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Scotland’s Alex Salmond: Down, But Not Out

Two months after voters rejected independence, the Scottish National Party leader is back to try again.

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Takeaways


  • Scotland’s battle for independence may be over for some, but Mr. Salmond is only just getting started.
  • Salmond is a keen supporter of EU membership and Scotland is notably less antagonistic towards the EU than England is.
  • Unionists should be aware that Alex Salmond has no intention of going quietly into retirement just yet.

The morning after his narrow defeat in the Scottish Referendum, Alex Salmond announced that he would be stepping down from his posts as leader of the Scottish National Party (SNP) and Scotland’s first minister. At the time, it looked like the natural and dignified exit of a disappointed man. He had given the bid for Independence his all, securing a remarkable 45% of the vote – far more than at one stage seemed likely. Mr. Salmond looked tired and worn out by the fight.

Two months later, what a transformation. Salmond is full of energy again and positively burning to continue the struggle for Scotland’s independence. And with several not very subtle hints being dropped, it looks increasingly as if he intends to do so from the green benches of the House of Commons.

The results from the UK general election in May 2015 may well see the House of Commons graced again by the former MP for Banff and Buchan, a position he held for 13 years until standing down at the 2010 election.

Mr. Salmond’s return

Three things are driving arguably the UK’s most canny politician to return to the fray. The first is the opportunity. The British political scene is unusually fluid at the moment and the result of the coming parliamentary election is very difficult to predict.

Many commentators predict that neither major party will win a majority on its own and it even looks possible that neither will be able to form a stable government, not even in coalition with the third party of Westminster politics, the Liberal Democrats.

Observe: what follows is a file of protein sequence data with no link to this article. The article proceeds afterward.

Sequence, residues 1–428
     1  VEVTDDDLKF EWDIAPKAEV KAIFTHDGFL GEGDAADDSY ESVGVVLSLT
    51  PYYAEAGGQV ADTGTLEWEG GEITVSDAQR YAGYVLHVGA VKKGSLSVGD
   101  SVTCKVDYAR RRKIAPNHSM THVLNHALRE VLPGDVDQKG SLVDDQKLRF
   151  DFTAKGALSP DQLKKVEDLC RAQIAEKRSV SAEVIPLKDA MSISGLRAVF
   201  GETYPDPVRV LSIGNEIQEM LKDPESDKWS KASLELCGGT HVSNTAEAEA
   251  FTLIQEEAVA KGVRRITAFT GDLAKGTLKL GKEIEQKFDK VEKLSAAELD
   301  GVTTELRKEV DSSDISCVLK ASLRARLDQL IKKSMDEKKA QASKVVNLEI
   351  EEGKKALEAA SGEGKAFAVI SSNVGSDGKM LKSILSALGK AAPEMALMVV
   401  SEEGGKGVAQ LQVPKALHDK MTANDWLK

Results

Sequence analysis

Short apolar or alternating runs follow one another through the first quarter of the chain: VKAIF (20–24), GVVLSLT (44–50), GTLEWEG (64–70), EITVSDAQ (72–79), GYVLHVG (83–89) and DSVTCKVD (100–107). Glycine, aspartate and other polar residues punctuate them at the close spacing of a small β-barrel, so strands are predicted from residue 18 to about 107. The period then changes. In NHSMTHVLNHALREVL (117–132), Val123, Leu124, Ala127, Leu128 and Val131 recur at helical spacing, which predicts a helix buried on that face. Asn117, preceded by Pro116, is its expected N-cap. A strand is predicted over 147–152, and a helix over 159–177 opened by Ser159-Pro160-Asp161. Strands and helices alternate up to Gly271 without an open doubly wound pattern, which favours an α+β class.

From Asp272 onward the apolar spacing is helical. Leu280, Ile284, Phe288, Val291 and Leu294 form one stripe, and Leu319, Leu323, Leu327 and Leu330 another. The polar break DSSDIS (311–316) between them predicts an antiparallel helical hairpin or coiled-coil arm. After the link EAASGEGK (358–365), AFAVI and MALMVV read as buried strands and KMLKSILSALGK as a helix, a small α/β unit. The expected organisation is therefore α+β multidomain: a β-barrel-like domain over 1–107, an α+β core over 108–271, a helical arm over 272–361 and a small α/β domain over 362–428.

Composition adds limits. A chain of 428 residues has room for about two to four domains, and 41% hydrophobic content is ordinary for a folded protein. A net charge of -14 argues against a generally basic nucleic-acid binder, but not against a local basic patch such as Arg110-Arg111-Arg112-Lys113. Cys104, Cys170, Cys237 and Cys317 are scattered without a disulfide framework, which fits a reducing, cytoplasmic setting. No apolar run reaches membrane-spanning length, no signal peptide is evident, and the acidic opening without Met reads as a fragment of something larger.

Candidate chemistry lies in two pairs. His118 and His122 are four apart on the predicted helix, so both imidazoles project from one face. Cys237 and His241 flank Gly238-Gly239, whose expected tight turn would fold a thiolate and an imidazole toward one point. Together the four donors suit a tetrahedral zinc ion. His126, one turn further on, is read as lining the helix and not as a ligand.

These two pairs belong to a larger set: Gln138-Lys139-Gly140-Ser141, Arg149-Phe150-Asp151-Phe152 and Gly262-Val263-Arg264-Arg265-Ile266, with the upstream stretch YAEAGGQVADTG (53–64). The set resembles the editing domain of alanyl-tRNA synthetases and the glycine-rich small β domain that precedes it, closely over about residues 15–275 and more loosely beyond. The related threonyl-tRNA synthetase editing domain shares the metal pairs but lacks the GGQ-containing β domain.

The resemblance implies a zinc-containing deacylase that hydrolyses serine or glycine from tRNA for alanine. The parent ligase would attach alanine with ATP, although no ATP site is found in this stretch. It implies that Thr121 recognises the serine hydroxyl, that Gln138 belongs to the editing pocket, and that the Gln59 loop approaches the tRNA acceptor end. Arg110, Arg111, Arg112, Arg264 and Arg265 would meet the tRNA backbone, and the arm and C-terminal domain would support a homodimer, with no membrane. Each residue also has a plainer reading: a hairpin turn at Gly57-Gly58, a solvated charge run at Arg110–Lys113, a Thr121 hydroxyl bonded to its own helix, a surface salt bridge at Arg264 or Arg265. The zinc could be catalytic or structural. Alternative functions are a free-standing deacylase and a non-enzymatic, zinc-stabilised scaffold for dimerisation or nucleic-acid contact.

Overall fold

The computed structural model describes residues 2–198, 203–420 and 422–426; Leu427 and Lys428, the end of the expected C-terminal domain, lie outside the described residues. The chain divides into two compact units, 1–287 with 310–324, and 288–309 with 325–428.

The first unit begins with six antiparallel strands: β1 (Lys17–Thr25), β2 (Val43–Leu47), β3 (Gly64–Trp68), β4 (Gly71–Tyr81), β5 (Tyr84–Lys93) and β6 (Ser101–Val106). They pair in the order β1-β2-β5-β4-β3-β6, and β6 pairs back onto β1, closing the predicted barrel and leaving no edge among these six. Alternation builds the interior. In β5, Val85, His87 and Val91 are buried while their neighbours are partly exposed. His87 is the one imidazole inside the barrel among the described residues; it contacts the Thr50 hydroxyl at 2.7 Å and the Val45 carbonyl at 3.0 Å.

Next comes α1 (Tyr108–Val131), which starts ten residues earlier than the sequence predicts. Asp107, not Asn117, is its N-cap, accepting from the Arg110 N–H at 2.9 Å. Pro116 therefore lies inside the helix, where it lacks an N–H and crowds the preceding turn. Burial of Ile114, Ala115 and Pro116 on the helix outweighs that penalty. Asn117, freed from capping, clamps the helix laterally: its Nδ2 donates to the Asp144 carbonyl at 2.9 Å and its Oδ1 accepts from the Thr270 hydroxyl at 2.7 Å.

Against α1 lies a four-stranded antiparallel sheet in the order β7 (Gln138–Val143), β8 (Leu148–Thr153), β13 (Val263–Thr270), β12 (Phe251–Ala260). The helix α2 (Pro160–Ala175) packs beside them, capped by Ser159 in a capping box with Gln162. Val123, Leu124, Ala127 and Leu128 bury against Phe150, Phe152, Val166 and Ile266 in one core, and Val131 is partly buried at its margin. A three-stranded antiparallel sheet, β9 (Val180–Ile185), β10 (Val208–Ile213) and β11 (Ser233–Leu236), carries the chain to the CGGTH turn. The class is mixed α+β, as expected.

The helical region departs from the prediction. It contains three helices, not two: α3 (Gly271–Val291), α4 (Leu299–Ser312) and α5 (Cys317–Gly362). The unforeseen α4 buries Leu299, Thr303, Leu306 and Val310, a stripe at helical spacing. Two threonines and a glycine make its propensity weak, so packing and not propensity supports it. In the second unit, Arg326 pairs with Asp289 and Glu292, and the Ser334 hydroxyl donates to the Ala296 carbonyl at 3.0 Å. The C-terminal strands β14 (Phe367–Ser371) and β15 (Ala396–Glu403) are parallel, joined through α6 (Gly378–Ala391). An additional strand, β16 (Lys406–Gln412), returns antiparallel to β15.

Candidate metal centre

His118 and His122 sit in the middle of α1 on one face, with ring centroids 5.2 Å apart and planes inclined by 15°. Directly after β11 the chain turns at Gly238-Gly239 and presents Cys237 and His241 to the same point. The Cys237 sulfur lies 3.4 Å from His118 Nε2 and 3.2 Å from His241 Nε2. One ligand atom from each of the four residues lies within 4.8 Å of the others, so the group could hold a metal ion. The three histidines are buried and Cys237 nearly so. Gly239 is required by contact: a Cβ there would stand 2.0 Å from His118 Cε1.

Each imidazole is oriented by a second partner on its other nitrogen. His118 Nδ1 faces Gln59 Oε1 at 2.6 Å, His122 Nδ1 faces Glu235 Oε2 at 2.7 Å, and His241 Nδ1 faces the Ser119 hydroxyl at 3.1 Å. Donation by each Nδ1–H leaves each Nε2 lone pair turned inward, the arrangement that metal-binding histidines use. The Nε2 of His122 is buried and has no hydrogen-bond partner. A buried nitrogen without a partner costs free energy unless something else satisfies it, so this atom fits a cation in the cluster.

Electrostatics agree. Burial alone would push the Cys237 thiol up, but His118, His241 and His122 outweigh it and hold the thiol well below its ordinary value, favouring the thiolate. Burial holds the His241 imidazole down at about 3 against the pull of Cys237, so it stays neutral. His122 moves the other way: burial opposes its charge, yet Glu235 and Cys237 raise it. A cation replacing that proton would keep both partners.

That presents significant opportunities for the other smaller parties – the Greens, the Welsh Nationalist Plaid Cymru party, the various Northern Irish parties, the populist UK Independence Party and above all the SNP. They can expect to become the power-brokers and deal-makers, whether in a formal coalition or supporting a minority government on a case-by-case, bill-by-bill basis.

The second driver for Salmond is the thought that the UK’s large parties may yet renege on their promises to Scotland – promises of extravagant devolution of further powers made in the last desperate days of the referendum campaign.

Mr. Salmond has warned his people to be on their guard against it and will surely relish holding the English political class to their word.

And the third factor is the growing possibility of a referendum on the UK’s membership in the European Union. Salmond is a keen supporter of EU membership and Scotland is notably less antagonistic towards the EU than England is.

“What if,” he asks, “what if England votes to leave but Scotland shows a majority vote to stay?” The opportunities for this most political of operators to work such a situation to his and his country’s advantage would be considerable.

Once more unto the breach…

Salmond has led the SNP, both at Westminster and at Holyrood, the home of the Scottish Parliament, for 20 of the past 24 years, and he has served as First Minister of Scotland for the last seven of them.

There is little more he can achieve from Edinburgh. Indeed, many feel that life for his successor as first minister, Nicola Sturgeon, will become increasingly difficult. After all, promises that have been made have to be lived up to and the financial consequences of those commitments become more clear.

And after the heady excitement of leading the campaign for independence over the last two years, it is perhaps understandable if Salmond does not want to return to the daily grind of running an administration.

Salmond is only 59 (he will be 60 on the last day of this year, December 31). He has recovered his energy and senses that there is unfinished business to conduct. If the English thought that the result of the referendum settled the issue of Scottish independence for a generation, they are likely to find they are badly mistaken.

Unionists should be aware that Alex Salmond has no intention of going quietly into retirement just yet.

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About John Nugée

John Nugée is a former senior managing director of investment firm State Street Global Advisors

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